A big thank you to Victoria of Eden Cottage Yarns for sending me this sneak peek of her new yarn, Milburn 4ply. It arrived last week and it brightened up the day. I am yet to wind any of the skeins and swatch, but I have played with colourwork patterns in my head. That oatmeal/grey colour is particularly speaking to me – I am going through a bit of a neutral phase – and I love how the other colours sing to each other. Designing a palette is always hard (every colour needs to be distinct but still play well with the others) but Vicki has pulled it off.
The UK has some of the most amazing indie dyers and I feel so fortunate that I have ready access to names like Vicki, Skein Queen (new website!), Juno Fibre Arts, Lioness Yarns, Kettle Yarn Co., Triskelion Yarns, and The Knitting Goddess. Yarn is shipped quickly and I get to see them ‘live’ at the various shows. Scotland is particularly strong on indie dyers: I’m a huge fan of Old Maiden Aunt; RipplesCrafts‘ amazing colours are pulled from her Highland surroundings, and The Yarn Yard is well-established as a go-to dyer for sock lovers.
One of the many things I really appreciate about many UK dyers is their commitment to offering a variety of bases – many of which are UK-specific breeds. Sourcing the right bases is one of the hardest thing for an indie dyer (followed closely by being able to source enough for a sustainable business) but so many of them are now selling yarns that are so much more than just a merino or a wool/nylon mix. They are showing a real commitment to showcasing the best of British fibre – and I think this is something we should celebrate. They are small, local businesses, they are supporting other small, local businesses and knitters get to discover what makes Polwarth wool different from Corridale wool, say. Win-win for all concerned.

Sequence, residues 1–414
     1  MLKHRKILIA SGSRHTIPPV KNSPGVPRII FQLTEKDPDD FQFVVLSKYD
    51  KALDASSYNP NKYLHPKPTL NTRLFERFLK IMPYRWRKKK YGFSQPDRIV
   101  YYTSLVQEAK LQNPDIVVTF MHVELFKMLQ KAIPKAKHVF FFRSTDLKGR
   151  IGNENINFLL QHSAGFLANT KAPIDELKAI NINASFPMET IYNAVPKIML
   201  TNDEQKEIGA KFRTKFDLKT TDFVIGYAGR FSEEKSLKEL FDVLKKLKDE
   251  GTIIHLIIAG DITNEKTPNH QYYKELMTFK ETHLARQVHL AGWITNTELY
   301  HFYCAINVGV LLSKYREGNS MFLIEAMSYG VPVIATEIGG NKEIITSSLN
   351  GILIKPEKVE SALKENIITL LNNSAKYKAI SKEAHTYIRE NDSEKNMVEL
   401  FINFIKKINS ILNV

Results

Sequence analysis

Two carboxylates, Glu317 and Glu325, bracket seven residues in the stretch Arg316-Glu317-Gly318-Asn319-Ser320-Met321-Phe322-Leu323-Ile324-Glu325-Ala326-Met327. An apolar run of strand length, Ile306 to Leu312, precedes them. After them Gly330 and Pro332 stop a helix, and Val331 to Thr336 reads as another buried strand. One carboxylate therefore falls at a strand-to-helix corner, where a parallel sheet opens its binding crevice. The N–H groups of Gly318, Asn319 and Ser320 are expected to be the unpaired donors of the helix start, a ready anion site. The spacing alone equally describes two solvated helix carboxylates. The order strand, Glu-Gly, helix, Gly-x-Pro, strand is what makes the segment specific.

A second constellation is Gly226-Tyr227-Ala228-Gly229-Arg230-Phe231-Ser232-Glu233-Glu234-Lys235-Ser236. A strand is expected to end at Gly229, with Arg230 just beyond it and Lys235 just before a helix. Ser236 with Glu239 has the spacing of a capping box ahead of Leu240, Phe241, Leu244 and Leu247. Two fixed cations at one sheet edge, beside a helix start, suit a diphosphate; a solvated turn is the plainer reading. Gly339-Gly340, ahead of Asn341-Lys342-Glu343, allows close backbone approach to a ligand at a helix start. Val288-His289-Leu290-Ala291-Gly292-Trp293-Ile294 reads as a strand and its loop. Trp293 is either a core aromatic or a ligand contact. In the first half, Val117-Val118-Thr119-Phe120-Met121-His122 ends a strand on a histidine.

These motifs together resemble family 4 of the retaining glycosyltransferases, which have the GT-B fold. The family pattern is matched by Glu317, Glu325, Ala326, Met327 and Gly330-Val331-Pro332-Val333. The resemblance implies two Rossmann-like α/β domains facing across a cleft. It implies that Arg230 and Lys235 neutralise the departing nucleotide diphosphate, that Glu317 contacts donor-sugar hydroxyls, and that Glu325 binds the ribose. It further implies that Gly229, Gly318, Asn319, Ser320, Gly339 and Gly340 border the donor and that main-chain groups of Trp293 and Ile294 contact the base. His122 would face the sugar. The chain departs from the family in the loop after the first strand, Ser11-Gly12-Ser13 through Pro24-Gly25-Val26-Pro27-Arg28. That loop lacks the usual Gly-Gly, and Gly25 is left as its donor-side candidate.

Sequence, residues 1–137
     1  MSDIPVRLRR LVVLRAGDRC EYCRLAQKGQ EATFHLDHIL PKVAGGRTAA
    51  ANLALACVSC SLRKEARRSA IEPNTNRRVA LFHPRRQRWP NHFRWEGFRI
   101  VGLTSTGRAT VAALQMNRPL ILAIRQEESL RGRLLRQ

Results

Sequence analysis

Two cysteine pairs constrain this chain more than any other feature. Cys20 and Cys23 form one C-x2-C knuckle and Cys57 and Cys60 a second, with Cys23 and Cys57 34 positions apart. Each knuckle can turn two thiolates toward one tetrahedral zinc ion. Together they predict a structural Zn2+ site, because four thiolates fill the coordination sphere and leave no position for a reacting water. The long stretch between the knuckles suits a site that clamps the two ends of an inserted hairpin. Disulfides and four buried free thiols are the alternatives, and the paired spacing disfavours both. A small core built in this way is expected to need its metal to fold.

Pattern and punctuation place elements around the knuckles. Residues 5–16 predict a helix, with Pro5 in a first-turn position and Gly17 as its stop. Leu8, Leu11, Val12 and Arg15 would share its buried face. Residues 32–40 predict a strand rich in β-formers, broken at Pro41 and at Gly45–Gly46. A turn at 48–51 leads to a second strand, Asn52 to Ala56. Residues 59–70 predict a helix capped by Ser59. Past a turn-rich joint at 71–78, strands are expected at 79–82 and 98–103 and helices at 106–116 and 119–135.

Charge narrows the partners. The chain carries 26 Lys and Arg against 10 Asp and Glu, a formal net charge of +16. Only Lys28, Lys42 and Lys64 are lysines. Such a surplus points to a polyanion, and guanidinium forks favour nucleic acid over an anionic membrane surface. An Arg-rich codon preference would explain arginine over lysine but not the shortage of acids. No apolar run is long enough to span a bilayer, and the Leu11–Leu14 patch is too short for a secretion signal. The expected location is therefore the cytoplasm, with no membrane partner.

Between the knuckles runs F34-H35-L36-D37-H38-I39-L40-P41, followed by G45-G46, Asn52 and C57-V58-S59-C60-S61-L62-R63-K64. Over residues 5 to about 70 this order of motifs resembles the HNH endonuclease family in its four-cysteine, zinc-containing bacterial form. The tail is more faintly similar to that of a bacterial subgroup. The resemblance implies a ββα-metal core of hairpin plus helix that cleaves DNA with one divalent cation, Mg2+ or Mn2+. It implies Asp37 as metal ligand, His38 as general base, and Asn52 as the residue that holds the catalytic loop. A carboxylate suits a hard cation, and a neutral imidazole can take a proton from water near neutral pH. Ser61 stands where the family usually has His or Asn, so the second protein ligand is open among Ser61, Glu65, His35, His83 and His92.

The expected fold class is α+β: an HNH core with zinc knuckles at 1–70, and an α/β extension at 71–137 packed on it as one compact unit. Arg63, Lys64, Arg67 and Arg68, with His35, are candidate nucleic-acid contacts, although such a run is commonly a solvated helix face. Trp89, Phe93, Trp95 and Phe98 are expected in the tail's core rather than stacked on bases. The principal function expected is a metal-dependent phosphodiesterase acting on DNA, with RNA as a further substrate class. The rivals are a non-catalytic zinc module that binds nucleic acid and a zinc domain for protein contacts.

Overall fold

Louise Scollay of KnitBritish recently wrote about the Dos and Donts of Knitting Locally. It is a wonderful post which pokes holes in a lot of myths surrounding knitting locally. It does not have to be more expensive, nor is it more difficult to care for. Being thoughtful about your yarn choices is maybe something to requires a bit more mindfulness (especially next time you are in a yarn shop and are overcome with omg, all the yarn!) but it is doable and rewarding.
I’d love to see a big collaboration between indie dyers and local designers. I try to work with as many indie dyers as I can, but I am just one person. Wouldn’t it be wonderful to see a plethora of the best UK indie designers collaborating with the best UK indie dyers? How do you as a knitter feel about this? What would you love to see happening within the UK indie community? And who are your favourite dyers? I know there are some dyers I am yet to discover!